Bringing asm.js to the Chakra JavaScript engine in Windows 10

Earlier today, we flipped asm.js to “In Development” at Support for asm.js has been one of the top 10 most-requested items at the IE Suggestion Box on UserVoice since we launched it in December.

Delivering an interoperable & spec compliant JavaScript engine with the capabilities and performance for modern experiences has been a key goal for us since the inception of Chakra. Bringing near-native performance for JavaScript code execution is a part of the same. We recently shared the details of some of the work we’ve done in Windows 10 to boost JavaScript execution speed in the Chakra engine.

Over the last few months we’ve taken a close look at asm.js as a technology, related technologies, and what they entail for the Web at large. While challenging to write by hand, asm.js is leveraged principally by transpiling C/C++ code to run on the Web platform, utilizing technologies such as WebGL and Web Audio. Asm.js is a clear step towards enabling near-native performance for the Web platform, which is why we’re excited to bring it to Chakra in an upcoming release.

Amongst other similar initiatives, asm.js as a technology has two key characteristics that we like:

  • First and obvious is the boost to JavaScript execution speed, which we’ve already talked about. We believe that asm.js and the work we do to enable asm.js has the potential to provide speed benefits to many more scenarios over a period of time.
  • Second but more importantly is the fact that asm.js is a pure subset of JavaScript and guarantees interoperability across platforms and browsers. This means that engines that support asm.js light up the new features, while engines that don’t will simply run with degraded performance. Since the beginning of Chakra, our team’s focus has always been to prioritize this approach to new functionality.

During this period, we’ve also been working closely with folks from the Firefox team who are working on asm.js, to learn from and partner with them to bring asm.js to the Chakra JavaScript engine.

We look forward to sharing more details and getting your feedback as we advance our implementation towards a preview state.

— Gaurav Seth, Principal PM Manager, Chakra Team
— Ed Maurer, Principal Group Software Engg. Manager, Chakra Team

Comments (35)
  1. wildert says:

    Awesome news. This will be a game changer for data crunching web developers like me.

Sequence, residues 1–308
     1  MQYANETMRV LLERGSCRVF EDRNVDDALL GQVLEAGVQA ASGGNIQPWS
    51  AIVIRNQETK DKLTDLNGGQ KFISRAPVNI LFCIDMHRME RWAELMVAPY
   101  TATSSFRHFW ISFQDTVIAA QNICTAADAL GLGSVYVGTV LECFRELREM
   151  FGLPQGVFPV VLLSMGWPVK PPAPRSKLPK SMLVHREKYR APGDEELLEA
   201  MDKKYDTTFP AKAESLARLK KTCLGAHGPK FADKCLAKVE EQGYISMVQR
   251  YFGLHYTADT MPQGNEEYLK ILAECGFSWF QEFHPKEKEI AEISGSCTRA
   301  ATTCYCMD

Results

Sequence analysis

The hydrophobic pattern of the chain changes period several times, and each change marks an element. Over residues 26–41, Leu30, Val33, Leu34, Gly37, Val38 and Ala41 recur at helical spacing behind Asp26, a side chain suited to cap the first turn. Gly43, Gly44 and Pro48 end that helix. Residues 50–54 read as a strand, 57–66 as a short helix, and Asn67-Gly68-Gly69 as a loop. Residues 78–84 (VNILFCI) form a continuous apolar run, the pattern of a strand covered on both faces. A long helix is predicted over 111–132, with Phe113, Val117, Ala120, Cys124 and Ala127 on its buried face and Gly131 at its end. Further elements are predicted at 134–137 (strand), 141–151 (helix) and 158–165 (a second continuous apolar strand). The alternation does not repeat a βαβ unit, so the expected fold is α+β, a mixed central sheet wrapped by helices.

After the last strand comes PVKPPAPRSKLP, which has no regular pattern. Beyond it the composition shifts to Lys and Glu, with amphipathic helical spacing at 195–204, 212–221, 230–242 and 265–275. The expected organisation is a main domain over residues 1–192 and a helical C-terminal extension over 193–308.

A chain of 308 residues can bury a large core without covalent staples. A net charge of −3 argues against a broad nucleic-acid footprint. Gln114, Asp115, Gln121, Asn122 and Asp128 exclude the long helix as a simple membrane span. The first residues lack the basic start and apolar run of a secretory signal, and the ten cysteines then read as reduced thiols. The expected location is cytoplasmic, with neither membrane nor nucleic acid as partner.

2. diksito says:

    Sounds really good. This is where Mozilla contributes for the entire web with its technologies.

  3. spencer kelly says:

    Love this. Thank you for supporting this standard. Js ftw

  4. Milan says:

    This is fantastic news and I am very glad to hear it. Will make sure to use it thoroughly. :]

  5. benhorst says:

    Awesome. Excited for this!

  6. Brion says:


  7. A Dilliwal says:

    Wow! great work IE!

  8. ASkara says:

    This is what I've been expecting for so long.

  9. mrec says:

    Thus is great news. The way Microsoft has escaped from its historical Not-Invented-Here hangups over the last couple of years has been really impressive to watch.

    Dare we hope that integration of something like Emscripten into Visual Studio is on somebody's roadmap? IIRC the current plugin only supports VS2010.

  10. great news... says:

    So will this also be available to WinJS Modern apps?! and exposed via WebView in XAML Modern apps?!

  11. Alexander Duque Builes says:

    Wow! great work IE!

  12. Tom Jenkins says:

    Great to hear. ASM has opened up some very exciting possibilities for projects I'm working on – the wider and wicket the adoption the better ๐Ÿ™‚

  13. @great news… – Yes. It is the same Chakra engine underneath both those.

  14. Tristan says:

    Instead of inventing primitive tricks to accelerate javascript, let W3C (or ecma) standardize ByteScript – byte encoded low-level intermediate assembler. Easy to parse, low size with fast execution. Then every compiler – TypeScript, Dart, C++ and others – can ganerate code into ByteScript. Javascript will stay only for legacy pages.

  15. Madhu Rakhal Magar says:

    Great. Another good News form microsoft. Keep it up…

  16. John Billingsly says:

    Great news. What about running Silverlight on top if asm.js?

  17. Onur G says:

    Now where are the people saying "just use webkit"?

    Great move IE team!

  18. David S says:

    Too bad you didn't spend your time on Object.observe first. Polling is so ancient…

  19. GuestDev says:

    Will it work on Windows 10 for phones?

  20. DvdBrink says:

    Nice guys! Can't wait to see it in action!

    Great Job!

  21. GTX says:

    I am for new technology, ASM.JS sounds like assembly but it is just JavaScript that the browser still have to convert to assembly, I don't see any benefits, but hey, if the world wants ๐Ÿ™‚